In general. and Table 2 Cathepsin B in pre-malignant lesions System Colon Observation Increased activity in sera of human benign tumors Increased immunostaining and altered localization in human late adenoma Increased immunostaining in adenomas with high-grade dysplasia as compared to adenomas a Elevation of activity in DMH-induced rat colon tumors a Increased activity in human benign tumors Increased mRNA.J. glioma.E. . alterations in cathepsin B levels and localization are more dramatic in malignant than pre-malignant lesions. immunostaining. however. The lysosomal cysteine protease inhibitor 9-fluorenylmethyloxycarbonyltyrosylalanyl-diazomethane. / Clinica Chimica Acta 291 (2000) 113 – 135 123 enzyme. may have a role in the transition of premalignant lesions to malignant tumors.33. liver. thyroid. and increased secretion [11. Increased cathepsin B secretion parallels increases in proliferation of urinary bladder epithelial cells and endometrial cells [126]. breast. like matrilysin and stromelysin. These alterations include overexpression of mRNA and protein. which targets intracellular cathepsin B and an unidentified 39 kDa-protein. prostate.118– 124]. they have been reported in several pre-malignant tumors including those of colon. and activity in pre-invasive human tumors b Increasing peripheral immunostaining during tumor cell progression Elevated protein levels in sera of human pre-malignant diseases a Increased cathepsin B activity in human fibroadenomas b Increased protein and membrane association and peripheral redistribution in pre-malignant human Ha-ras-transfected MCF-10A cells Elevated activity in sera of human benign cysts a Amplification of cathepsin B gene and increased mRNA levels in Barrett’s esophagus Elevation of immunostaining in human pre-malignant prostatic intraepithelial neoplasia (PIN) Elevated protein levels in sera of human pre-malignant diseases a a Reference [118] [11] [106] [119] [120] [33] Thyroid Glioma Liver Breast [121] [122] [42] Ovarian Esophagus Prostate Pancreas a b [123] [39] [124] [121] Significant. inhibits the growth of SK-Br-3 and MCF-7 breast cancer cell lines [125]. No statistical analyses were performed.106. redistribution from the perinuclear region to the cell periphery and plasma membrane. and ovarian (Table 2). Perhaps cathepsin B increases cell proliferation and thereby tumorigenesis.39.42. Koblinski et al.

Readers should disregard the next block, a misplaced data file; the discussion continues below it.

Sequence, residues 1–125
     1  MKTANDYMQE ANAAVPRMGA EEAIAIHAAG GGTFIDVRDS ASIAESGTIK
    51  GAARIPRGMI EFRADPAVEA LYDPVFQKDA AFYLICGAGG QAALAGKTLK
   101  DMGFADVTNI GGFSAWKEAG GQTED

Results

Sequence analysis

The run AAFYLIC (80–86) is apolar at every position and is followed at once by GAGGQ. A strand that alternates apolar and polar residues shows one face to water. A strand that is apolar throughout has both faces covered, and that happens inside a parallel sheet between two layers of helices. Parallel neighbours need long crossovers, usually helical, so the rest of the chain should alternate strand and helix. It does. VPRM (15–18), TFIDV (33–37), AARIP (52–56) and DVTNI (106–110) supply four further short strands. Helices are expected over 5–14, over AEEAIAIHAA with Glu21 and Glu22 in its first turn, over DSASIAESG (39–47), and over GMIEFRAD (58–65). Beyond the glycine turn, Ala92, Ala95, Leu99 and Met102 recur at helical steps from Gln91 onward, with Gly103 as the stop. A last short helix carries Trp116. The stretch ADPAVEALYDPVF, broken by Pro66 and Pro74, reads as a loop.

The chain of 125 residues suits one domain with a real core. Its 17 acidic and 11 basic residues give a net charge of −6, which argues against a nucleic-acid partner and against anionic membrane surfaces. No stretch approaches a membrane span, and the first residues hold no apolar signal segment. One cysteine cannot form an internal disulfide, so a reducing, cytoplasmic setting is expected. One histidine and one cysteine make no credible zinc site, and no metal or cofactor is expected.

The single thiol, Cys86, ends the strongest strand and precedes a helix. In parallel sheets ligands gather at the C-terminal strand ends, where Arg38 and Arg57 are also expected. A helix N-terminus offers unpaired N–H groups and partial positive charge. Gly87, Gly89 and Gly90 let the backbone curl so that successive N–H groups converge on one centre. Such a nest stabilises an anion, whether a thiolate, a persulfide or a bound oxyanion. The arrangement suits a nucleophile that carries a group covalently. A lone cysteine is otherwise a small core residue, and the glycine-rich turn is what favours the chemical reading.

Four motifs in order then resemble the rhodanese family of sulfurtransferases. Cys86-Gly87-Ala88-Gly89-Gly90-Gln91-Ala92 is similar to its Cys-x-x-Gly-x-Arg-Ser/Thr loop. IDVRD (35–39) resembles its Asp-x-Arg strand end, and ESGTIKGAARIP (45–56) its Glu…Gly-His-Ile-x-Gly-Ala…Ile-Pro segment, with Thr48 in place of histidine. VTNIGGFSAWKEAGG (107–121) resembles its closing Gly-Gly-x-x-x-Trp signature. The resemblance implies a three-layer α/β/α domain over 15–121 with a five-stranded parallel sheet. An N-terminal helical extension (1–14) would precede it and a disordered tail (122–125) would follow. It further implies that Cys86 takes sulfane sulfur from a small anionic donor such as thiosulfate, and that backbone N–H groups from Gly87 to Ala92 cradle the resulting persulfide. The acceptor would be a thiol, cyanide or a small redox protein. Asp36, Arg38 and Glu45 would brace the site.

These investigators also showed that cathepsin B can activate TGF-b in fetal calf serum or conditioned media of the osteoblast-like cells. Neovascularization or angiogenesis. with Mu-Phe-homoPhe-fluoromethylketone resulted in a 60% reduction in the number of tumors and a 80% reduction in their volume. rat endothelial cells differentiate into a cord-like structure that stains intensely for vesicular cathepsin B [138]. is necessary for tumors to grow beyond 1–2 mm [135]. One way cathepsin B may increase cell proliferation is by activating growth factors or liberating them from the extracellular matrix where they are sequestered. Intense staining for cathepsin B is present in endothelial cells of neovessels but not in pre-existing microvasculature in human breast [Lah T. EGF. Growth factors such as bFGF. unpublished data] and prostate [136] carcinomas and human gliomas [137]. a cysteine protease inhibitor. Treatment of these colon cancer cells. a process enhanced by proteases. unpublished data]. and MMP inhibitors abolish the tumor-promoting effects of the fibroblasts [131]. Whether cathepsin B can release or activate other growth factors has not been studied. Koblinski et al. High cathepsin B activity had been shown to correlate with the larger sized rat colon tumors. Cathepsin B may directly activate TGF-b or it could be involved in releasing TGF-b from the extracellular matrix so that it can then act on cells. transforming growth factor-b (TGF-b) and vascular endothelial growth factor are bound to extracellular matrix and can be released upon proteolysis of extracellular matrix components [128. TGF-b can bind to several matrix proteins including fibronectin and type IV collagen [133.129].134]. cathepsin B could release growth factors from the extracellular matrix or directly activate growth factors. Van Noorden et al. Leupeptin also reduces the size of rat colon tumors [119]. [132] found that treatment of normal human osteoblast-like cells with dexamethasone increases cathepsin B secretion in parallel with increased activation of TGF-b. the ability of fibroblasts to promote tumorigenicity of MCF7 cells requires Matrigel containing low-molecularweight factors [130. DNA synthesis and cell number in neoplastic cervical epithelial cells.124 J. Similarly.131].E. When grown on Matrigel. suggesting that MMPs from the fibroblasts release growth factors from the Matrigel. which have high surface cathepsin B activity. both of which can be degraded by cathepsin B [103]. / Clinica Chimica Acta 291 (2000) 113 – 135 leupeptin. These studies suggest that cathepsin B may play an important role in tumor growth. One belief is that cathepsin B may help degrade the extracellular matrix in order for endothelial . For example. IGF. Oursler et al. Whether cathepsin B participates in or is only a marker for neovessel formation has yet to be elucidated. In situ hybridization studies have also demonstrated cathepsin B expression in endothelial cells of neovessels in gastric tumors [Ren WP and Sloane BF. reduces intracellular cathepsin B activity. [127] recently showed that experimental liver metastases of colon cancer cells can be reduced with a selective inhibitor of extracellular cathepsin B.